Detection of Cancer
Early detection and treatment are key to cancer survival. Routine screenings are intended to identify cancer at an early stage when less aggressive treatments have a greater chance of success. The decision about how often to have screening tests is best
made by you and your doctor. Depending upon your individual risk factors your physician may recommend more frequent screening.
Clinical Breast Exam: Women over 20 should practice monthly breast self-examination (BSE) and have a physician perform an examination every three years (every year for women over 40).
Mammogram: An annual screening mammogram is recommended beginning at age 40 for women of average risk. Women at higher risk should talk with their physician about beginning screening mammograms sooner.
Cancer of the Cervix/Uterus/Ovaries
Cells collected from the cervix are examined under a microscope to detect abnormal cells. A Pap test is recommended for all women over 21 (including those who have had a hysterectomy). After a woman has had three or more consecutive exams with normal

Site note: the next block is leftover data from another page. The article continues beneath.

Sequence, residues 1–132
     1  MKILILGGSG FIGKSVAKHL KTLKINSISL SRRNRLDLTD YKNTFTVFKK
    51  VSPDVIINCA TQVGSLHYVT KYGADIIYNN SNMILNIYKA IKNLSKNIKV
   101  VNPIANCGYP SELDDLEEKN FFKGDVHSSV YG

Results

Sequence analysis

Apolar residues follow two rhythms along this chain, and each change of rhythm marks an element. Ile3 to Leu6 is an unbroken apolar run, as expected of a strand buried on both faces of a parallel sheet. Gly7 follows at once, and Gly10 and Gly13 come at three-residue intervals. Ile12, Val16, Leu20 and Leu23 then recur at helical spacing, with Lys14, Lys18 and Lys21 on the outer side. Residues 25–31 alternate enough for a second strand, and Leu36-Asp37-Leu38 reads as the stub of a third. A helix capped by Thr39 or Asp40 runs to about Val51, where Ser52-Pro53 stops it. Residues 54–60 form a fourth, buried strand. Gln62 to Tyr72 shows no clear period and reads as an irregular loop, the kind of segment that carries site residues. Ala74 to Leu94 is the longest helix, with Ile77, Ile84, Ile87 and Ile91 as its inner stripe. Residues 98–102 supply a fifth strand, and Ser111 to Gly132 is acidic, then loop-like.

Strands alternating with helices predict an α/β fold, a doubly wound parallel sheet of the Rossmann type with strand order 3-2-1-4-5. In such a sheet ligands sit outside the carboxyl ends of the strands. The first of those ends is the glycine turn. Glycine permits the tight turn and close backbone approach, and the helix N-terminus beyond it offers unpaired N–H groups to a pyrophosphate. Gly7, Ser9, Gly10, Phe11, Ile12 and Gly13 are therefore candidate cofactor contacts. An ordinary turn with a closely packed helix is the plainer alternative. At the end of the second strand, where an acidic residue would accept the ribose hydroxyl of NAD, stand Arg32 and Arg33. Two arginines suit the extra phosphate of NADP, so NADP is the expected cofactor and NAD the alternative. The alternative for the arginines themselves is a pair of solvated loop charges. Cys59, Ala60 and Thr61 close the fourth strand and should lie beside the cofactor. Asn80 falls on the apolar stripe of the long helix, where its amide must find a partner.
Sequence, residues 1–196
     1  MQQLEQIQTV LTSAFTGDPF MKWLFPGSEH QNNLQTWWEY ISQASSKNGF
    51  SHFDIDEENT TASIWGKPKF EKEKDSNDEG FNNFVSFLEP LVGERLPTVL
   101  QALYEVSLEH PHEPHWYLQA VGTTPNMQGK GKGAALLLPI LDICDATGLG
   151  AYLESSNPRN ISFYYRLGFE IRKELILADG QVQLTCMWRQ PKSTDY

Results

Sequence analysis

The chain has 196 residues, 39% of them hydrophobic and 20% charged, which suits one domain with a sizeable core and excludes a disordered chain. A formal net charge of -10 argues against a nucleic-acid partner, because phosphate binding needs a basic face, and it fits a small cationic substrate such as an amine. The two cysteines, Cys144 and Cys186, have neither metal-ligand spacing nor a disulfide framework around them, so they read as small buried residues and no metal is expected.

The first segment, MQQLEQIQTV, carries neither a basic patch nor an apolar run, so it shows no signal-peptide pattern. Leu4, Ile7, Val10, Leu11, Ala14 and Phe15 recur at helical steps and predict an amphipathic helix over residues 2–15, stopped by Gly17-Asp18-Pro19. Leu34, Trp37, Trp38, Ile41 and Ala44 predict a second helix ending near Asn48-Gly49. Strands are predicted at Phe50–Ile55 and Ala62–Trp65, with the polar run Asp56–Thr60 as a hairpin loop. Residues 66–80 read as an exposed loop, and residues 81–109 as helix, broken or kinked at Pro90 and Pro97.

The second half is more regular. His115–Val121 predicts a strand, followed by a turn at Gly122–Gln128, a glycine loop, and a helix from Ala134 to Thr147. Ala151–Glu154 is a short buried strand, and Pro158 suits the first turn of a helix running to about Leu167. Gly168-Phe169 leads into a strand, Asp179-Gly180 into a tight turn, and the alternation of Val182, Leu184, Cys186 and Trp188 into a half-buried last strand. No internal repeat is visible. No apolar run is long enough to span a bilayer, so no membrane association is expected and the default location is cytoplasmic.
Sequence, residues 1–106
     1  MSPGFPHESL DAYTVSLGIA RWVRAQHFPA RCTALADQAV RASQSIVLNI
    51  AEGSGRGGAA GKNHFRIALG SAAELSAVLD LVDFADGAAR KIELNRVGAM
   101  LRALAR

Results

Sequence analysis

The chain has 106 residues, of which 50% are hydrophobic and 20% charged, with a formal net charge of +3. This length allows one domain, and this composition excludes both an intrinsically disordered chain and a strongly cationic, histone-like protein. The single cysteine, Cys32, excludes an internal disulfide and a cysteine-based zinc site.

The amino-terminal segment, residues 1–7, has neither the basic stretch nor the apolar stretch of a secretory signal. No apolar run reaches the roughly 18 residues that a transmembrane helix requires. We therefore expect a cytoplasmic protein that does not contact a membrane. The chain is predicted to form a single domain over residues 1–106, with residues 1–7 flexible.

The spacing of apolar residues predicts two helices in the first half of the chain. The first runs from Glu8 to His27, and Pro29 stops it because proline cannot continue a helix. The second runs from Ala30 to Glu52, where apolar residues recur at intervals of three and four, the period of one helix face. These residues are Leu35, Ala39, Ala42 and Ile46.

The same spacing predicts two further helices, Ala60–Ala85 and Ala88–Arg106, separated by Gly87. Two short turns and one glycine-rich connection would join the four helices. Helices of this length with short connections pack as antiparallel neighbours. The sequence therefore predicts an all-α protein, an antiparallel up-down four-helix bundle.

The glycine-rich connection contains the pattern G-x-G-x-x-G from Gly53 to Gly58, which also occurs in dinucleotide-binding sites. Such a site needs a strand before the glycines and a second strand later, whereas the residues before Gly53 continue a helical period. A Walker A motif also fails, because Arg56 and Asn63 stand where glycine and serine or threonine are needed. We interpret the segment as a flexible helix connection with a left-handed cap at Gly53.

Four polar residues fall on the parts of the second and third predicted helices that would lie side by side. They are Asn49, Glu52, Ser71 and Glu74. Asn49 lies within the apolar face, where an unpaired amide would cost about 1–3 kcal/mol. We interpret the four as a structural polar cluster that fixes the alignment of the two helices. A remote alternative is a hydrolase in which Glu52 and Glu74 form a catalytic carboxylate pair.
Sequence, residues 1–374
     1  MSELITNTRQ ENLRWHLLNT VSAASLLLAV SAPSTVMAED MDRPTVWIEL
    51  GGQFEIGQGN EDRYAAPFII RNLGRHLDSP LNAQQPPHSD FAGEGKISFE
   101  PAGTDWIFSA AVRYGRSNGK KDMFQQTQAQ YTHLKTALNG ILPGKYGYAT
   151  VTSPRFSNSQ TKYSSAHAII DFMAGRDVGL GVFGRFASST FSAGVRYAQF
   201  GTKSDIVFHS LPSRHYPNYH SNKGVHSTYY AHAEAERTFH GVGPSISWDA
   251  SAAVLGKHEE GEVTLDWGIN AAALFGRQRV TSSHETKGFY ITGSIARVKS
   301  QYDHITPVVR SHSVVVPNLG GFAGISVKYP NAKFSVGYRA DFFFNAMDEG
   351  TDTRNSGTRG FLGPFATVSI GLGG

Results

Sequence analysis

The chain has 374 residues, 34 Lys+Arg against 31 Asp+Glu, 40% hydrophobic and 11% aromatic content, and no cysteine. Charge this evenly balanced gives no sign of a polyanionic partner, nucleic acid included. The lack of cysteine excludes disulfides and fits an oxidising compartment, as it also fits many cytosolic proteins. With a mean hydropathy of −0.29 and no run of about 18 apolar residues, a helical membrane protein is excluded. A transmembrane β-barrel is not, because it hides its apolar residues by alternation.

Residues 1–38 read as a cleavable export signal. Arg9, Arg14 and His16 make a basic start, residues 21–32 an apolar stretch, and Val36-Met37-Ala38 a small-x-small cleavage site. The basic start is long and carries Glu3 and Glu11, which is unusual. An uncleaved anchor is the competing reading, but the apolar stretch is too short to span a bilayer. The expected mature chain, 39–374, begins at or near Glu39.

findings, the Pap test may be performed less frequently, based on a woman's risk assessment.
Cancer of the Prostate
Prostate Specific Antigen (PSA): A screening blood test which measures a protein found on cancerous and non-cancerous tissue of the prostate.
Cancer of the Colon and Rectum
Fecal immunochemical test (FIT) test: Directly measures blood in the stool.
Sigmoidoscopy/Colonoscopy: A sigmoidoscopy examines the lower colon and rectum. A colonoscopy examines the entire colon and rectum. A gastroenterologist uses a flexible tubular instrument to identify polyps or signs of cancer.
Everyone over the age of 45 should be routinely screened for colon and rectal cancer. Due to individual risk factors and family history you should discuss with your physician which tests are appropriate.
There are other forms of cancer that do not have specific screening tests. Consult your physician as soon as possible if you have symptomatic changes in your body that concern you.